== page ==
Rep. Marjorie Taylor Greene (R-Ga.) had an unsettling experience this weekend. Greene she says her television at her Washington, D.C. residence turned on by itself. According to the conspiracy theorist congresswoman, a laptop was trying to connect to it.
She suggested that means either someone is trying to kill her or spy on her.
“Just for the record: I’m very happy. I’m also very healthy and eat well and exercise a lot. I don’t smoke and never have. I don’t take any medications. I am not vaccinated,” Greene tweeted. “So I’m not concerned about blood clots, heart conditions, strokes, or anything else.”
Conspiracy theorists often post about being in good health and sound mind when they believe they may be assassinated as a way to highlight that they don’t have any suicidal ideation or would die accidentally.
Greene later made more pointed allegations that someone was trying to surveil her through her TV, much like the Thought Police spied on citizens in the classic George Orwell novel 1984. In a follow-up tweet, she shared a 2019 article about the Federal Bureau of Investigation warning that smart TVs are vulnerable to being hacked and even used to spy on people.
She also retweeted a meme of former President Barack Obama with binoculars and headphones on.
Greene’s take was resoundingly mocked.
Many related their own experiences inadvertently trying to connect to others’ smart TVs, which are discoverable by other devices, or having others do the same to their TV.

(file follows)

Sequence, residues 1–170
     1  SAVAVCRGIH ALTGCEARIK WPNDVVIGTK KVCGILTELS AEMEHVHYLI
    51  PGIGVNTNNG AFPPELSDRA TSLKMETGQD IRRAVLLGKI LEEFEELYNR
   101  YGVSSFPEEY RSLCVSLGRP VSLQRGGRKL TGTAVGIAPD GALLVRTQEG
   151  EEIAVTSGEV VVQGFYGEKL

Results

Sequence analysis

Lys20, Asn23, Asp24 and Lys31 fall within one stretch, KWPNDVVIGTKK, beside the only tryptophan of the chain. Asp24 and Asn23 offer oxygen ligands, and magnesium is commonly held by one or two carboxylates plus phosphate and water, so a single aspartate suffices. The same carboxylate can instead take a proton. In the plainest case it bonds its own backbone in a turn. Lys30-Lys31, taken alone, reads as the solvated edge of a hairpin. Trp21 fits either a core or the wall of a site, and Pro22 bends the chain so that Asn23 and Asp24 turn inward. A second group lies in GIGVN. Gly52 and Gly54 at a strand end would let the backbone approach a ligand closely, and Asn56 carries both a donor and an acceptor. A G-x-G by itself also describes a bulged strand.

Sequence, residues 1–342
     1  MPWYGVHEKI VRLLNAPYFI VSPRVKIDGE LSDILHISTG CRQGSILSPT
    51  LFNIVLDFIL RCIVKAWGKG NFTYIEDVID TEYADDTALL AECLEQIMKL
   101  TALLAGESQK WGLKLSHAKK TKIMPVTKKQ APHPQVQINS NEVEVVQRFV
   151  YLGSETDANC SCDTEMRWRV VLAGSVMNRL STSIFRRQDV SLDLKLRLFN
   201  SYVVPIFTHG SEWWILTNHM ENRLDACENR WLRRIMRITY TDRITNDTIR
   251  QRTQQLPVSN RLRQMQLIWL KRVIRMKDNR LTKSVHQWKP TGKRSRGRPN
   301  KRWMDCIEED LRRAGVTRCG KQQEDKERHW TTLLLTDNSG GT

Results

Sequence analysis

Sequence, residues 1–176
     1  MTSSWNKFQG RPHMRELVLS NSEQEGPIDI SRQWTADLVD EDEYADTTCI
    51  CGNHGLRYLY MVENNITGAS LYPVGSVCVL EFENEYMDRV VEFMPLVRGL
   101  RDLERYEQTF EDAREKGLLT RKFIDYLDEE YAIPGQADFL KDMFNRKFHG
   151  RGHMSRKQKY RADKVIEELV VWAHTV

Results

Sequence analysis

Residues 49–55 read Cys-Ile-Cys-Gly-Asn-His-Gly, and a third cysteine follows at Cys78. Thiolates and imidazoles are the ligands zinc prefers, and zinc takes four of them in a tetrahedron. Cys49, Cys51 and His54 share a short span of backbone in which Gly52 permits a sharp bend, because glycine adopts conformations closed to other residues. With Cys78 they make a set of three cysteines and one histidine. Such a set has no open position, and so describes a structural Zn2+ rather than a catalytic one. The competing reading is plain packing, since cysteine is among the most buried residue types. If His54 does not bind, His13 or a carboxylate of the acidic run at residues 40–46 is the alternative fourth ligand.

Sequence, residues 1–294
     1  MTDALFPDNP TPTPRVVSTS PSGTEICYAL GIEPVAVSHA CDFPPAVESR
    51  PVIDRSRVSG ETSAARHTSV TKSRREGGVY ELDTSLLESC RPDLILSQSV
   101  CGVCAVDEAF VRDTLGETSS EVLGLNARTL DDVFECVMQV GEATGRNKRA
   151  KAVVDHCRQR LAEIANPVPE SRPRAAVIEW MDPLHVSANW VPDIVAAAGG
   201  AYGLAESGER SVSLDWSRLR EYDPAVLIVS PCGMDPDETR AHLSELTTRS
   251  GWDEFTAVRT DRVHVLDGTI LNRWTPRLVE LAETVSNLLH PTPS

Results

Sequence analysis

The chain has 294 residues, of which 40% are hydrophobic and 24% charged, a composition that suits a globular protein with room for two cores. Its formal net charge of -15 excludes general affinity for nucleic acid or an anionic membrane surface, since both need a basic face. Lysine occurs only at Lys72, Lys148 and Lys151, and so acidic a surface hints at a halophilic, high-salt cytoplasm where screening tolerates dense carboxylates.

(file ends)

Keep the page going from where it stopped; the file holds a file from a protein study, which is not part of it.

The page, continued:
“I’ve accidentally tried to connect to other people’s tv[s] in my apartment complex,” wrote one. “It doesn’t mean I’m trying to spy, nor does it mean anything weird is happening.”
People thought Greene’s insinuation that the incident means someone is planning to assassinate her was unhinged.
“Yeah every time someone tries to access my WiFi I know that means they’re coming to kill me,” historian Kevin M. Kruse tweeted.
“A belfry thick with bats, is what we’re dealing with here,” joked blogger Jeff Tiedrich. (Saying someone has bats in the belfry is a way of accusing them of acting crazy or eccentric.)
Greene was undeterred by these jeers. She later doubled down on her claim about the TV by sharing a Newsweek article that noted her history of sharing misinformation and being a conspiracy theorist.
“You know what they say about conspiracy theorists,” Greene wrote, implying that having such theories means you’re actually right.
The tweet prompted a fresh round of ridicule.
“My TV is watching me is the new Republican talking point,” said another.